Riverboat fantasy: The Peace Country River Rats

The Peace Country River Rats of Fort St. John live for adventure they find on the rivers and lakes of Northern British Columbia

by Jillian Clark |

Jason and his family get out on the river as often as possible with the Peace Country River Rats.

Jason and his family get out on the river as often as possible with the Peace Country River Rats. — Photo courtesy Jason Palfy

Summer in Northern British Columbia might be short, but its residents definitely make the most of the sun they do see.

“There are two seasons: winter, and winter is coming,” said Jason Palfy, president of the Peace Country River Rats. “We like to enjoy what we get.”

Although some members are jet boat racers, the River Rats are a boating club, not just a jet boat club.

“If you own a kayak and you want to be a member you can be a member,” said Palfy.

About 80 members plus their families are a part of the club. Their main goal is to bring the local community together on the river. “Everyone always has a good time!” Palfy said. 

Volunteer efforts to keep Northern British Columbia clean

“We are a volunteer club that works together to make it happen,” Palfy said.

The club works with provincial parks in the area to provide the ultimate adventure experience for everyone who uses the river and its banks.

For example, each spring volunteers help clean up the riverbanks and campsites of the area.

“We make sure there are no trees fallen on the campsites that we are partnered with,” Palfy said.

Last year the River Rats built a gazebo shelter at one of the sites for all members to enjoy, which they maintain themselves.

Jason Palfy, club president and outdoor enthusiast

Palfy went on his first boat trip in 2004. A year later, he bought his own boat and joined the River Rats.

“I’m an outdoor enthusiast,” said Palfy. “I love going into the backcountry. I’ve seen mountains, lakes and waterfalls, and camped along rivers that not many people get to see.”

Palfy sees these remote locations from his motorboat now. He packs a couple of coolers, a tent, his family and extra fuel, and heads up the river in his 22-foot Hammerhead by FireFish.

Exploring beautiful British Columbia by water

Recreational river boating obviously attracts outdoor enthusiasts like Jason Palfy. Even though their primary mode of transportation is boats, many of the River Rats enjoy fishing, hiking and camping along the shores. The remote sights call them upstream on mountain runoffs. They share the rivers and lakes with other adventurers and wild animals.

The River Rats’ local river is the Peace River in Taylor. They also have access to the Pine River, and to the Murray River, which leads all the way to Kinuseo Falls in Tumbler Ridge. Nearby, the Sikanni Chief River joins the Muskwa River, leading to Fort Nelson.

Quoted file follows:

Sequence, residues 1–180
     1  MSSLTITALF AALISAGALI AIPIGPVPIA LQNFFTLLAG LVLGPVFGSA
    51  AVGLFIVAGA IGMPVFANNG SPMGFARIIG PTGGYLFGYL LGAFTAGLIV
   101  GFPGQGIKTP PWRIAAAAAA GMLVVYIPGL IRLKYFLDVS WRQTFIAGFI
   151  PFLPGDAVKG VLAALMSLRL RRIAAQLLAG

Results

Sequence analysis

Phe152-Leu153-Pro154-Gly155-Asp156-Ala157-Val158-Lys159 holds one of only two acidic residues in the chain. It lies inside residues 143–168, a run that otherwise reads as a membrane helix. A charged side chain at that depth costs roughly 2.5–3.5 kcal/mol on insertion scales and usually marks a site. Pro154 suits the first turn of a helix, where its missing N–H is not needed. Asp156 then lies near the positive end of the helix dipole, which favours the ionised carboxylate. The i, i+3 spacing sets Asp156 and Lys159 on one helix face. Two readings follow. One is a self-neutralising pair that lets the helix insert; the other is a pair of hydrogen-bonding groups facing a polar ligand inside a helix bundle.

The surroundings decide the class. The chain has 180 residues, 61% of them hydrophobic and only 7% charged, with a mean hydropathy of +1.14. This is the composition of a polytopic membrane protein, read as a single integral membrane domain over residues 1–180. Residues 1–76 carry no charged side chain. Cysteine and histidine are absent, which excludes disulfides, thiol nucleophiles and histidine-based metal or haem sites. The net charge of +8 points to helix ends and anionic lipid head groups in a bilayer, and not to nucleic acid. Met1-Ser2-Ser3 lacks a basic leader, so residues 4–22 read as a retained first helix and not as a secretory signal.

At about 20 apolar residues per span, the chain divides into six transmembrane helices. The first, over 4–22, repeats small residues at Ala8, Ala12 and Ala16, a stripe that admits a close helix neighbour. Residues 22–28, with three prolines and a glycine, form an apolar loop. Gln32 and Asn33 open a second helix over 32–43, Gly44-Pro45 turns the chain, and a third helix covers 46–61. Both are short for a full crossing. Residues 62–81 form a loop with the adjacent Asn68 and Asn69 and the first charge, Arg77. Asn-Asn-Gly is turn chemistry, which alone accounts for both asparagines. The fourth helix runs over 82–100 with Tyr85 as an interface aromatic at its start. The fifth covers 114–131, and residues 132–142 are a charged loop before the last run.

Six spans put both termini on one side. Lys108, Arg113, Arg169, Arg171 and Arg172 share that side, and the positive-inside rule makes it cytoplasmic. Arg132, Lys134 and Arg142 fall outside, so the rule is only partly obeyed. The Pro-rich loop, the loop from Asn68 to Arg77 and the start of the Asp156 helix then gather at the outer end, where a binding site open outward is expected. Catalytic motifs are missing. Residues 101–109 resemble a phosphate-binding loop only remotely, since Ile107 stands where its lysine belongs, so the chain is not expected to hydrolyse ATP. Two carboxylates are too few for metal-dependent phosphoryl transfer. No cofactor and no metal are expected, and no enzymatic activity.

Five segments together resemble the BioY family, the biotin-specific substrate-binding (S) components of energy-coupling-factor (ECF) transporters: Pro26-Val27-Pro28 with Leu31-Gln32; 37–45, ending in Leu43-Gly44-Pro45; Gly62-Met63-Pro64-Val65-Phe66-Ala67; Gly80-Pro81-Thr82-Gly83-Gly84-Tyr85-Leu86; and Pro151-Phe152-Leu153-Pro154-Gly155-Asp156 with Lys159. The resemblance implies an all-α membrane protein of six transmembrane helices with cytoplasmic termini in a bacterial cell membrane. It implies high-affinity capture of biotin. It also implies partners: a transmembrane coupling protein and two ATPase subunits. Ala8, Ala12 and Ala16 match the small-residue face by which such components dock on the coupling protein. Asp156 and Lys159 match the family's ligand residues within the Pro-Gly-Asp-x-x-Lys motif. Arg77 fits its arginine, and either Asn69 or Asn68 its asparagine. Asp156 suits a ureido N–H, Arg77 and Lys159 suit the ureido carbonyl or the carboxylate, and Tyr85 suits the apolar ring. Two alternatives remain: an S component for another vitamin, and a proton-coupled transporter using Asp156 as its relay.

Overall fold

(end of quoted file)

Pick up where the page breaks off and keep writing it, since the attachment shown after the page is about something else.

Even farther north, boaters find the Tuchodi Lakes. Essentially, club members live riverboat fantasies exploring beautiful British Columbia each summer.

“That’s not counting if we travel south!” said Palfy. “These are all different drainages that come out of the Rocky Mountains.”

The River Rats often have to drive some way to meet up with the river they want to launch their boat in. Their launch spot are sometimes a bit makeshift.

“A lot of the time it’s just a gravel bar,” Palfy said. “You just back it in until the boat starts to float.”

Palfy’s personal oasis in Northern British Columbia

“My favourite place would be Tuchodi Lakes,” said Palfy. He has been there 30 times. “It’s a weekend getaway for me.” To get there, Palfy drives four and a half hours in his truck to launch in the Muskwa River. Then he travels another 132 kilometres upstream on the river—about four hours in the boat. “The only way to get there is by float plane, jet boat or horse, but that takes four to six days,” he said. The views when he arrives are worth the day-long trek.

Palfy gets out on the river as often as possible, whether it’s camping trips with other members, taking the kids north in August for hunting season or summer trips with the whole family. If they can’t stay overnight with the boat, he tries to get everyone out for day trips close to home.

“I don’t have an excuse,” he said. “If someone says it’s time to go, I don’t have a problem going.”

One tip Palfy has for others packing for their first trip: always bring more fuel. “If there’s one thing that BOAT stands for, it’s Bring On Another Thousand, and that means either dollars or litres,” said Palfy.

Peace Country River Rats upcoming events

River Rats events are fun for the whole family. “We try to get everyone involved,” Palfy said.

On July 15, they host their annual poker run: “Poker for the adults, and games for the kids.” Lots of games for the kids—Palfy said the kids are their focus. “We try to gear the whole thing around the kids.”

A happy-hour stop along the race include drinks, chips, fries, hamburgers and hot dogs. There is also a dinner, remote control boat races, face painting and a sand pile. The kids love the sand pile the most. “After dinner, the kids get to dig for treasure,” he said. Treasures could be small toys or coins. “For every treasure they find, they get a toonie.”

The River Rats also host an annual race for the racing members in the club: the Taylor Flats 200, in Taylor, British Columbia, on the September long weekend.

Learn more about the River Rats at peacecountryriverrats.ca.

 


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